Friends and Neighbors,
Due to election-year restrictions, it has been a while since I sent you an email update. I hope this letter finds you well in the new year.
The 2019 legislative session will begin on Monday and run 105 days. As a result of the November election, the House will now have 57 Democrats and 41 Republicans, while the Senate will have 27 Democrats and 22 Republicans. For the last six years, those margins were closer and it produced many bipartisan results – including state budgets, a McCleary fix and a Hirst solution. I'm hopeful this spirit of bipartisanship will continue this year, but I have some doubts given what the governor proposed last month.
Governor proposes massive, new tax increases
Last month, as he is expected to do each year, Gov. Inslee proposed an operating budget. Unfortunately, his budget relies on massive, new tax increases that would generate about $3.7 billion in the 2019-21 budget cycle and $5.4 billion in 2021-23. He's proposing:
- a new capital gains income tax;
- increasing the service business and occupation tax rate; and
- graduated real estate excise tax rates.
In other words, the governor wants more taxes on many families and small businesses.
The Legislature does not need to raise taxes. Period. In fact, our state is experiencing record tax collections – more than enough to fund its priorities. Our state should live within its means and save for a rainy day.
I was encouraged to see my seatmate and Senate Republican budget lead, Sen. John Braun, and some Democrats push back on the governor's new tax proposals. However, the battle of ideas is just beginning. I will be right in the middle of it – fighting for taxpayers. Please stay tuned and let your voice be heard.
Speaker Chopp to step down after the legislative session
In a surprise announcement in late November, Speaker of the House Frank Chopp said he would step down as Speaker after the legislative session but continue to serve as a state representative. You can watch his news conference here.
While I haven't always agreed with Speaker Chopp's policies and decisions over the years, he has prevented some bad bills from moving forward. Time will tell what this decision will mean for both the House and Senate – this legislative session and beyond.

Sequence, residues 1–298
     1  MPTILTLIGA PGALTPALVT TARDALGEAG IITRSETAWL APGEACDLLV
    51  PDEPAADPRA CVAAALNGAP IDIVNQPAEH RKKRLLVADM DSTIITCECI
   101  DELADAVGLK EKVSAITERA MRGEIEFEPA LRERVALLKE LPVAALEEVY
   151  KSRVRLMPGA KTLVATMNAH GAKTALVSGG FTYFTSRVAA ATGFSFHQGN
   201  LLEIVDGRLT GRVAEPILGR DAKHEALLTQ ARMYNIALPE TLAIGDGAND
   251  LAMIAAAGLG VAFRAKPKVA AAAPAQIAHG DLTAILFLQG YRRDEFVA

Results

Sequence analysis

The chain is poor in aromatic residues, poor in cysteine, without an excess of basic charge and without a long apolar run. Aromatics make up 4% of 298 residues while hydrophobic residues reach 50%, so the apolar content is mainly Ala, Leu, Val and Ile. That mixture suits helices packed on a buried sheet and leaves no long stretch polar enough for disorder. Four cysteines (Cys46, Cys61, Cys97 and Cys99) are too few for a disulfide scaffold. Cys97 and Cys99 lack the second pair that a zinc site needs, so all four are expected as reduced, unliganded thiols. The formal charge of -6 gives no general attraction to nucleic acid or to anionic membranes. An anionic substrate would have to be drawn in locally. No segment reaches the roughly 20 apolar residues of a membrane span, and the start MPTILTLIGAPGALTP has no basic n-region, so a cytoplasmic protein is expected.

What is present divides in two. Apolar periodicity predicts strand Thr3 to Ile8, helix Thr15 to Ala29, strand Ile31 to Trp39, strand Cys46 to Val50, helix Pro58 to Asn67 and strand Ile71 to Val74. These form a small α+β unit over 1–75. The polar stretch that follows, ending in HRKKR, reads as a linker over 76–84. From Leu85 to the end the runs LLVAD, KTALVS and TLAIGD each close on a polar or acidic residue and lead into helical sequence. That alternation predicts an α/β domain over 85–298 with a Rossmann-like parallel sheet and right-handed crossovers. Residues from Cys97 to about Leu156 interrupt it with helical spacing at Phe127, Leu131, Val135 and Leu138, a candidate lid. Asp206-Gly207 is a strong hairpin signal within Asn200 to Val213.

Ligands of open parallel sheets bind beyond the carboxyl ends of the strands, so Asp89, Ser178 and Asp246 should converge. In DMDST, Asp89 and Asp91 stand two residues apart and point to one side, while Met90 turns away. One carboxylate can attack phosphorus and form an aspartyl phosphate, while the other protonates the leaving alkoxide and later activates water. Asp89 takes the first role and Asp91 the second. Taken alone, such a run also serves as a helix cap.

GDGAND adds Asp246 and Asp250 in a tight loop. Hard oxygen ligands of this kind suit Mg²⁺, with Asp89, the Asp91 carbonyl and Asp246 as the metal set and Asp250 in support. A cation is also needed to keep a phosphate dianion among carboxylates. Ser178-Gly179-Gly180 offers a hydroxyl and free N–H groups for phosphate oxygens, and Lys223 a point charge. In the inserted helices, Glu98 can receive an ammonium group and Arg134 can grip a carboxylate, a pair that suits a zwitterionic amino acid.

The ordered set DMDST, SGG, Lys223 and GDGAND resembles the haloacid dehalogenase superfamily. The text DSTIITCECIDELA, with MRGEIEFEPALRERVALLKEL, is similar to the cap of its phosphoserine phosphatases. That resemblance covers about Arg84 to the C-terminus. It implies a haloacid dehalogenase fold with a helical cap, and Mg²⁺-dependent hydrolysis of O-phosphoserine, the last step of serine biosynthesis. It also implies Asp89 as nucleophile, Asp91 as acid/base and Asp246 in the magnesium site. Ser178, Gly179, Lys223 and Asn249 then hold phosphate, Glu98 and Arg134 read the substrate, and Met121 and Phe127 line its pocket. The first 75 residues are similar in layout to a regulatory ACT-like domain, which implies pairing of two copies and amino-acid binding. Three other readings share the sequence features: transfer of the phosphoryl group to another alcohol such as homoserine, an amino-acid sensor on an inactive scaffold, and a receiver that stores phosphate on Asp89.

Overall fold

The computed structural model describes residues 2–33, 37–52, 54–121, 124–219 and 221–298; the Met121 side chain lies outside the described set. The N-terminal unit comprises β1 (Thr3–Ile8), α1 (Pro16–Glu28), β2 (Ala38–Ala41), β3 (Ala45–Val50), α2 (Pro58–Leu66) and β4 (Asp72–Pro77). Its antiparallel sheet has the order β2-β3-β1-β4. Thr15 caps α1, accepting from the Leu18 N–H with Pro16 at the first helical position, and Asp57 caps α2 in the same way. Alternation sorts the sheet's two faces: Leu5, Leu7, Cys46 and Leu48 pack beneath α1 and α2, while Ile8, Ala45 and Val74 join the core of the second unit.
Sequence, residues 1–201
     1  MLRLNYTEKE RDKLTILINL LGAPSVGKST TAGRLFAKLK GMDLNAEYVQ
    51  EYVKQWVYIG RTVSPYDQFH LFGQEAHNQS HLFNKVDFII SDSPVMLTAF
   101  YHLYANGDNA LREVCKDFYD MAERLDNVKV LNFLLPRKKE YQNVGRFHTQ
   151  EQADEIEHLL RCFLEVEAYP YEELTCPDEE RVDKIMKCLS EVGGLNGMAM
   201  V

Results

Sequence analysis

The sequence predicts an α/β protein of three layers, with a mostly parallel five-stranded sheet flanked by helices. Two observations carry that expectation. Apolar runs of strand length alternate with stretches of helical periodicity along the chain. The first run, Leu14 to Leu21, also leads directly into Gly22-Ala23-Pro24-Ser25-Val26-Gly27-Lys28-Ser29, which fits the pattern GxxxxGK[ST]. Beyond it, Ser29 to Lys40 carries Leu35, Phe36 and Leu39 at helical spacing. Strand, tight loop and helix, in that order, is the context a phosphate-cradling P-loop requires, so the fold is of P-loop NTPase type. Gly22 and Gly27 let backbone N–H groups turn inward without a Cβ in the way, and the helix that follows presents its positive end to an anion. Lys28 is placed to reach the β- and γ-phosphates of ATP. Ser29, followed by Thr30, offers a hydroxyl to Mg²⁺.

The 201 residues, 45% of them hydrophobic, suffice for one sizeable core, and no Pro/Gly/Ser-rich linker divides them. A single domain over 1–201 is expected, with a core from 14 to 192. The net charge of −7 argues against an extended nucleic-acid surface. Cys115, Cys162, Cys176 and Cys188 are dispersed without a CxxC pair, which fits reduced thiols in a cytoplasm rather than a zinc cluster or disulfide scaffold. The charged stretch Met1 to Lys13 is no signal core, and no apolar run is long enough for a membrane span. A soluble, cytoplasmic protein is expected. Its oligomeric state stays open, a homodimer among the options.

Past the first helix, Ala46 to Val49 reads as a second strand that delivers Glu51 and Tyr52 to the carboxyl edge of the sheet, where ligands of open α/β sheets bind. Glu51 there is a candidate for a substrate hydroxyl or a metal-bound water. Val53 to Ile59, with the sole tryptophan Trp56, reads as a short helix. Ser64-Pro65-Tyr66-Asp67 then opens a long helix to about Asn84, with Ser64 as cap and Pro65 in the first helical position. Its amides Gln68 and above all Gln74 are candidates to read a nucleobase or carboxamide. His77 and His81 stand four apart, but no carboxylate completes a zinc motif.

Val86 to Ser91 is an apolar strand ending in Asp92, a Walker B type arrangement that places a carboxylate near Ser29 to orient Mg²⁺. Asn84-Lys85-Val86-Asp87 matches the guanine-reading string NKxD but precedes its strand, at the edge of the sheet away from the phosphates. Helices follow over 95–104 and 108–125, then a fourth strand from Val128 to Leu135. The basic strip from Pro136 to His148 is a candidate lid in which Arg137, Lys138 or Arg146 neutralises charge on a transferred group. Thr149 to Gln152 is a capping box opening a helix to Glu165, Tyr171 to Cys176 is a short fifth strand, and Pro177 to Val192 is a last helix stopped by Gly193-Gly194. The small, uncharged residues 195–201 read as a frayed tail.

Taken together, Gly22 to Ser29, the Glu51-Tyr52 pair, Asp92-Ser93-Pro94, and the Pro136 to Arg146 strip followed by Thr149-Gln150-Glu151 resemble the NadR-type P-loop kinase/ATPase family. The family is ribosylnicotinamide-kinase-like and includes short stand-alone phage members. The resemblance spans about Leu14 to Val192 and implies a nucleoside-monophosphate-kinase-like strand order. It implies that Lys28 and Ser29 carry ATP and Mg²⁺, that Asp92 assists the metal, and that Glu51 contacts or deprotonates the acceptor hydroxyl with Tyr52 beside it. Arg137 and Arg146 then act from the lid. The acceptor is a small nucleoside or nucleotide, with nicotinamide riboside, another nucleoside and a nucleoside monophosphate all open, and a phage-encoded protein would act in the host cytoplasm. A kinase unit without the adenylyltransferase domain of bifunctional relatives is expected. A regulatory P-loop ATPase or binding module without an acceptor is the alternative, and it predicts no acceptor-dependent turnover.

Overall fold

My committee assignments
I was named ranking member on the House Finance
Committee. You can find a story on it in The Daily News here.
This committee considers issues relating to state and local tax policy,
exemptions from taxes, and changes in the administration of taxes. With the
continued push for new tax increases and additional proposals likely to emerge,
the debates will start in this committee.
My role on this committee is simple: protect taxpayers. While our state economy is strong and overall unemployment is low, many families still live paycheck-to-paycheck. What we do in Olympia should not add to these families' financial burdens and economic anxiety.
I will also serve on the following council and committees:
- House Transportation Committee, where I previously served as
- House Rural Development, Agriculture and Natural Resources Committee;
- Economic and Revenue Forecast Council (Chair);
- Joint Legislative Audit and Review Committee; and
- Joint Transportation Committee.
Other important issues
Beyond budget and taxes, there will be other important issues debated this year. For example: fixing our broken mental health system; preventing wildfires; combating homelessness; making housing more affordable; restoring salmon habitat; and there has even been talk of a new transportation tax package. I will be discussing some of these issues and others in future email updates.
I will keep you updated every two weeks throughout the legislative session. Please feel free to contact me to share your ideas or if I can be of assistance. I look forward to hearing from you.